Chairman Frank P. McNinch asked the Columbia Broadcasting System to furnish the commission with an electrical transcription of the broadcast, a dramatized version of H.G. Wells’ imaginative story, “War of the Worlds.”
Virginians fainted, wept, and prayed last night as the men from Mars swept into New Jersey via the radio. A woman in Pittsburgh tried suicide, saying “I’d rather die this way than like that.”
Orson Welles, who startled the theater ocularly last season by portraying a Caesar in modern dress with Fascist leanings, was overcome by the unbelievable reaction to his presentation of the Wells thriller-turned-horrifier.
Oct. 31, 1938
The lusty lads of Berryville High, enjoying the traditions of Halloween in rollicking, swashbuckling style, were a bit too drastic in their fun last night for comfort, officers decided this morning after viewing the endless stream of old cars, rubbish, and miscellaneous property and debris littering Main Street here.
On the sidewalks of the principal block in the business section of Main Street a string of old, broken down cars on both sides of the street greeted the eyes of startled early risers.
And according to one guardian of the law, who kept a lonely vigil over the elementary school most of the night, a pile of apple crates, disused store counters, washing machines, ladders, and various other debris reared up about 20 feet high under a street light at the main intersection.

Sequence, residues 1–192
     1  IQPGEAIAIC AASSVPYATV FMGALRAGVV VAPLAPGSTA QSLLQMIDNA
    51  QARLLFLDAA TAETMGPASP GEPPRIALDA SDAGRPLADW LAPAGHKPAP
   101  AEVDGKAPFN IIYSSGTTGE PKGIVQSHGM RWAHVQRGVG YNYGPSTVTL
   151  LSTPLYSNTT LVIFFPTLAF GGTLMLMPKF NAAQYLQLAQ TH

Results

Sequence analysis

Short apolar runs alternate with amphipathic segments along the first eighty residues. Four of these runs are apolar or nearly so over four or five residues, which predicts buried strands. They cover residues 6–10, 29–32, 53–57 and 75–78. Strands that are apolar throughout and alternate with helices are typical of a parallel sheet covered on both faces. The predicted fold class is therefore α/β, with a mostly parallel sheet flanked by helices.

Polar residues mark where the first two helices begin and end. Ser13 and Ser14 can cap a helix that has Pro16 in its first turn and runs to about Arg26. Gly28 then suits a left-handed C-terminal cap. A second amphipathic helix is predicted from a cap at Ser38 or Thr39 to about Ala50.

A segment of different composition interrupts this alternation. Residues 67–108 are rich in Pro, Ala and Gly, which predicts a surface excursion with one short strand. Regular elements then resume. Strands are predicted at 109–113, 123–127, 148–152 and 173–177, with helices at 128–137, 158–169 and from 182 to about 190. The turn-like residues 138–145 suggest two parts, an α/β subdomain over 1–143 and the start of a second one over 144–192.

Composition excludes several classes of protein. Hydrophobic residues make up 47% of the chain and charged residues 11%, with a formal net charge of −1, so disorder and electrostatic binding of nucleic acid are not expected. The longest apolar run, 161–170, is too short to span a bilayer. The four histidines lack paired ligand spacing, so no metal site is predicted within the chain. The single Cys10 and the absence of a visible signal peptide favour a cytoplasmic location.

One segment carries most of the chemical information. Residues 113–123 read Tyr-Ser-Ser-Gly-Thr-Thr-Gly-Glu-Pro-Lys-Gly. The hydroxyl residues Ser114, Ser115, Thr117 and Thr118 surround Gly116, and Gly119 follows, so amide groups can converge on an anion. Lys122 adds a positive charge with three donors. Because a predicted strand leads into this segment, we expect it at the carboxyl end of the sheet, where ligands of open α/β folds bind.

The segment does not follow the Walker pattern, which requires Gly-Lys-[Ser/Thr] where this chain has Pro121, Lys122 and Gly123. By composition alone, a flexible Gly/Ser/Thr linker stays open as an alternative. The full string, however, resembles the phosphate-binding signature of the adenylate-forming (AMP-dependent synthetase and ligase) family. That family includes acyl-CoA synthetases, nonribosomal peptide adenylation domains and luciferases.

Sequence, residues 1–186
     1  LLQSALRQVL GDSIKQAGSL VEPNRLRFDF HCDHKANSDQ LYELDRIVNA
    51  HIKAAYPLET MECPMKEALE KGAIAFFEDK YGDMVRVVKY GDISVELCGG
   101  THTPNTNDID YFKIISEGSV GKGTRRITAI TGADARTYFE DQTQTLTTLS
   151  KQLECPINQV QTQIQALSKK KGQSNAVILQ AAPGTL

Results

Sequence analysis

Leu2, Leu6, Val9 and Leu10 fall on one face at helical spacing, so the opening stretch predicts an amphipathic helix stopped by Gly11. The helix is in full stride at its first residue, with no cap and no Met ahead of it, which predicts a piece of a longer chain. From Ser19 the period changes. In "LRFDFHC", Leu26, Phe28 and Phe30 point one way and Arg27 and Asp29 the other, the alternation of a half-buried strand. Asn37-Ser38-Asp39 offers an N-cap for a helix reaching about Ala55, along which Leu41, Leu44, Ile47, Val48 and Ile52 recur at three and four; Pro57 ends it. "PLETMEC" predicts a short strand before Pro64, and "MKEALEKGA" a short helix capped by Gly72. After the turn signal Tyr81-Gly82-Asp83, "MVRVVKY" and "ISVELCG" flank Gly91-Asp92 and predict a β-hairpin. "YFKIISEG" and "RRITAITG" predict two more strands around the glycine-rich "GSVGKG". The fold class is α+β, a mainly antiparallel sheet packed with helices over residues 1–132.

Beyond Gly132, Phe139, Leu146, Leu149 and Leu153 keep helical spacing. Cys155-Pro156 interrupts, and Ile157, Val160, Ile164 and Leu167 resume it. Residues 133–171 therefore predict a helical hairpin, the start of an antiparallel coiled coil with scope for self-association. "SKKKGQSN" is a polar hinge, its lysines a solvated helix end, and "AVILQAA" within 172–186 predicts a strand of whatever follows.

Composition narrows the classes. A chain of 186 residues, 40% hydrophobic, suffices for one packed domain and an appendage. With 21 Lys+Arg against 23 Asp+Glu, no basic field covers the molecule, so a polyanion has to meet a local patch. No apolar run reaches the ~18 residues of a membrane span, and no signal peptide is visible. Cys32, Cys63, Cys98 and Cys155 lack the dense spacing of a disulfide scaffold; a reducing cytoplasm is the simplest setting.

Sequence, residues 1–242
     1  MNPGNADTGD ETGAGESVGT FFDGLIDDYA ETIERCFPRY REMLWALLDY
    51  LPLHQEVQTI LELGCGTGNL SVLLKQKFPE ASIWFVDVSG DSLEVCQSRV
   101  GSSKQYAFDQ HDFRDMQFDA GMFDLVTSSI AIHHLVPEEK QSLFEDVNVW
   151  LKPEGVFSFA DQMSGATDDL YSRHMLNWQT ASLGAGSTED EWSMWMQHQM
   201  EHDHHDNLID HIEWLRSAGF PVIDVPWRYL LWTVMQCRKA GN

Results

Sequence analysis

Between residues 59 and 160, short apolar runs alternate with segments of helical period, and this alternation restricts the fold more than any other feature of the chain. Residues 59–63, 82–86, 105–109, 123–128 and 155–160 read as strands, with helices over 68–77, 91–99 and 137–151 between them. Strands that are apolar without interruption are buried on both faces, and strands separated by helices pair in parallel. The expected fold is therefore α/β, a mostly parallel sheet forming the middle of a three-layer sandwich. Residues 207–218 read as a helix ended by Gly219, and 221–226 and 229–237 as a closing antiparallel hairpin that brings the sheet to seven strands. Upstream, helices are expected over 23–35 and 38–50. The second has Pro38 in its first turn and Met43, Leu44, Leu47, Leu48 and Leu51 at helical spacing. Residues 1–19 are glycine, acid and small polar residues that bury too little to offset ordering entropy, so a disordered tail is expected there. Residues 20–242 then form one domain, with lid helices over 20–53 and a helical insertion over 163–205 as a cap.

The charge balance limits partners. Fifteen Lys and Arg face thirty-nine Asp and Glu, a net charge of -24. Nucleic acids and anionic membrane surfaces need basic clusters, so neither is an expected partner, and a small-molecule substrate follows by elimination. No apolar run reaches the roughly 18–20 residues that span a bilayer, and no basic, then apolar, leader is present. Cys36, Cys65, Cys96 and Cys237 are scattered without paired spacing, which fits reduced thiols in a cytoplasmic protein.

Nov. 2, 1938
WOODSTOCK — Halloween pranksters went a little too far with their celebrations here last night. Though there was very little damage done to storefronts and houses following a request by Mayor Carl C. Boyer, considerable damage was done to the new $60,000 high school building that is situated on the outskirts of town.
For the second time in three years a cow was placed in the school. The youths, it is believed, purloined the docile bovine from a nearby pasture and herded her into the halls of education. Not satisfied with their feat as cowpunchers they continued with acts of vandalism by defacing the property.
Nov. 2, 1938
50 years ago
As in past years, Chief of Police Maj. J. Thomas Boyd noted, it was an exceptionally quiet Halloween with only two instances to mar the night.
Someone maliciously sprayed paint on a parked car near The Star office and apparently the same group gave the paint treatment to the Confederate monument in front of the courthouse; the cannon near City Hall; and the front of the Capitol Theater.
Nov. 1, 1963
25 years ago
FRONT ROYAL — Avtex Fibers-Front Royal Inc., the largest rayon manufacturing facility in the United States and one of the largest employers in the northern Shenandoah Valley, with 1,300 jobs and a $35,000 million payroll, will close Thursday.
Avtex Chairman and Chief Executive Officer John N. Gregg, citing foreign competition and pressure from state and federal environmental and labor officials, announced the closing Monday at a press conference.
The plant has been under fire for several years from state and federal agencies, including the Environmental Protection Agency and the State Water Control Board. It has been deemed responsible for polluting the Shenandoah River.
Nov. 1, 1988
— Compiled by Priscilla Lehman (email@example.com)